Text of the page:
Infectious Mononucleosis

Infectious mononucleosis (IM; also known as EBV infectious mononucleosis, Pfeiffer's disease, Filatov's disease, and sometimes colloquially as the kissing disease from its oral transmission or simply as mono in North America and as glandular fever in other English-speaking countries) is an infectious, widespread viral disease caused by the Epstein–Barr virus (EBV), one type of herpes virus, to which more than 90% of adults have been exposed. Occasionally, the symptoms can recur at a later period. Most people are exposed to the virus as children, when the disease produces no noticeable or only flu-like symptoms. In developing countries, people are exposed to the virus in early childhood more often than in developed countries. As a result, the disease in its observable form is more common in developed countries. It is most common among adolescents and young adults.

Especially in adolescents and young adults, the disease is characterized by fever, sore throat and fatigue, along with several other possible signs and symptoms. It is primarily diagnosed by observation of symptoms, but suspicion can be confirmed by several diagnostic tests.

The syndrome was described as an infectious process by Nil Filatov in 1887 and independently by Emil Pfeiffer in 1889. Risk Factors of Infectious mono nucleosis: A risk factor is something that increases your chance of getting a disease or condition. Many people contract EBV during their lifetime. Risk factors that increase the likelihood that EBV will develop into mononucleosis include: • Contracting EBV after the age of 10 • Lowered immune resistance, due to other illness, stress, or fatigue • Living in close quarters with a large number of people, such as in a college dormitory . Kissing an infected person,especially when the virus is in its active stages,as it spreads through the saliva. . Using glasses,eating utensils,or toothbrushes of infected persons. -In a 4-year prospective seroepidemiological study of infectious mononucleosis (IM) of one class of some 1400 cadets at the West Point Military Academy, susceptibles and immunes were identified by the absence or presence of antibody to Epstein-Barr virus (EBV), the causative agent, and new infections by the appearance of antibody (seroconversion). On entry, about 1/3 lacked EBV antibody, of whom some 20% became infected (seroconverted); about 1/4 of seroconverters developed definite, clinical and recognized IM. Psychosocial factors that significantly increased the risk of clinical IM among seroconverters included: 1) having fathers who were "overachievers"; 2) having a high level of motivation; 3) doing relatively poorly academically. The combination of high motivation and poor academic performance interacted in predicting clinical IM. Additional data on presence of elevated titers among seroconverters with inapparent disease and on length of hospitalization among cases of clinical IM revealed that these two additional indices of infection or illness could also be predicted from the same set of psychosocial risk factors.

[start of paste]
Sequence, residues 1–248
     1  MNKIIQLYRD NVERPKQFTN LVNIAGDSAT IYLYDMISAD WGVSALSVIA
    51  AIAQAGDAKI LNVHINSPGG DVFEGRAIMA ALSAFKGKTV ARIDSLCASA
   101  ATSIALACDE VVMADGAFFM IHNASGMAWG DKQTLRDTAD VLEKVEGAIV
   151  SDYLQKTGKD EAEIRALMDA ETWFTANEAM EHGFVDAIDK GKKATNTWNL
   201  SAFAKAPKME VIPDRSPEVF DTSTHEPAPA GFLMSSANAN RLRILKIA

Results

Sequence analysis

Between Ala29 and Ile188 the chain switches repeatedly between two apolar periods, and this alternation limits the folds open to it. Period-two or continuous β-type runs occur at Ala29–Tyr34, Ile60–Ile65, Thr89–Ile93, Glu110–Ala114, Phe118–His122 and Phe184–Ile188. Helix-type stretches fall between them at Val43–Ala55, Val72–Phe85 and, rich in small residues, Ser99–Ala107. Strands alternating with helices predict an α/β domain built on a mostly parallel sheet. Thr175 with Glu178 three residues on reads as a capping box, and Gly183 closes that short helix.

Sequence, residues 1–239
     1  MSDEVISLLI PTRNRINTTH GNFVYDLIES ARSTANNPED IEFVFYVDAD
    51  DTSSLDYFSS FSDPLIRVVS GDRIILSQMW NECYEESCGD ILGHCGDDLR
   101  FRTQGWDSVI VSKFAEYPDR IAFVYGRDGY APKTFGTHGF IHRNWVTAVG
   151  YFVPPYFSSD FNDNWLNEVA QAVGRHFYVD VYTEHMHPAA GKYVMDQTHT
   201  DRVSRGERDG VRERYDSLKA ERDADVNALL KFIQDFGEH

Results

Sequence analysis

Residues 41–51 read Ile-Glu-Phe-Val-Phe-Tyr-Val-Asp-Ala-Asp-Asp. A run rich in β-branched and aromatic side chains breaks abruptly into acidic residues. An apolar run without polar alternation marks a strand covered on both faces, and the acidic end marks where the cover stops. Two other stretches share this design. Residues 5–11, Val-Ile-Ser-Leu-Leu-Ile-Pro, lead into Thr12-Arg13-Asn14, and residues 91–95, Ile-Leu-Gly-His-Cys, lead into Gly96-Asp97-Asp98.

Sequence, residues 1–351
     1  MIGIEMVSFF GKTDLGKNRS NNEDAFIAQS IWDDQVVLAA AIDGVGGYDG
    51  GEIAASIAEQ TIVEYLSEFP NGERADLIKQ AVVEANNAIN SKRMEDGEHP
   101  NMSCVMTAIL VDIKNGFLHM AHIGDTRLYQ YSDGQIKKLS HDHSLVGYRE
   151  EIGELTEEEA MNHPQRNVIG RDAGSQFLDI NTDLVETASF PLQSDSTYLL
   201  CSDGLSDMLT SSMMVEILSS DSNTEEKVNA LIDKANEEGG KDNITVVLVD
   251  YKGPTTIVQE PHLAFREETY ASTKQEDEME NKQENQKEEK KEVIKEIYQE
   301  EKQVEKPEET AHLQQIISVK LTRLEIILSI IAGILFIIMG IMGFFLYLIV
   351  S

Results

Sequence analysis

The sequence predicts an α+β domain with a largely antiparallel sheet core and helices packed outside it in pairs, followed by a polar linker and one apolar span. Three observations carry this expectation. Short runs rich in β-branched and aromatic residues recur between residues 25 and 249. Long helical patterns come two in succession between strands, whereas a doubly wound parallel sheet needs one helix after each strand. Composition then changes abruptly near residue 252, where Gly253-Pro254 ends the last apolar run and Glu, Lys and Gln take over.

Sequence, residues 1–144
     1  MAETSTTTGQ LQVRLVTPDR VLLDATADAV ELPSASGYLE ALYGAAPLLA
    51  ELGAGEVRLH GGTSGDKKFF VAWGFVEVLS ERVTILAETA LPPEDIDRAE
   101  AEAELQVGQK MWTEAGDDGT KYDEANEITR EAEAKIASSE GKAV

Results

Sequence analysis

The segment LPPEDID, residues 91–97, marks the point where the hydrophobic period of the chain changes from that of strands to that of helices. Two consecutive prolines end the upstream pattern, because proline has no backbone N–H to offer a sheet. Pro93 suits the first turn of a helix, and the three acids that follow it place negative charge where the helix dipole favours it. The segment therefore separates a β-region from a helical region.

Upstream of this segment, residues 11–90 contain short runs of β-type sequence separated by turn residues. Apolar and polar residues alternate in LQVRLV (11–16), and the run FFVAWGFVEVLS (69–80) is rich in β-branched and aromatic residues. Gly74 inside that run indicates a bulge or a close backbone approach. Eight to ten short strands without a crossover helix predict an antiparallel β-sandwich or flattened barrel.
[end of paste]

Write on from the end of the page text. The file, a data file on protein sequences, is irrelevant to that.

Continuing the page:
Read more about Infectious MononucleosisSigns and Symptoms, Pathophysiology, Diagnosis, Treatment, Prognosis

Other articles related to "infectious mononucleosis, mononucleosis, infectious":

Epstein–Barr Virus Infection - Clinical Symptoms
... Symptoms of infectious mononucleosis are fever, sore throat, and swollen lymph glands ... or involvement of the central nervous system occurs only rarely, and infectious mononucleosis is almost never fatal ... Although the symptoms of infectious mononucleosis usually resolve in 1 or 2 months, EBV remains dormant or latent in a few cells in the throat and blood for the rest of the person's life ...
Infectious Mononucleosis - Prognosis
... Independent infections of mononucleosis may be contracted multiple times, regardless of whether the patient is already carrying the virus dormantly ... Periodically, the virus can reactivate, during which time the patient is again infectious, but usually without any symptoms of illness ...

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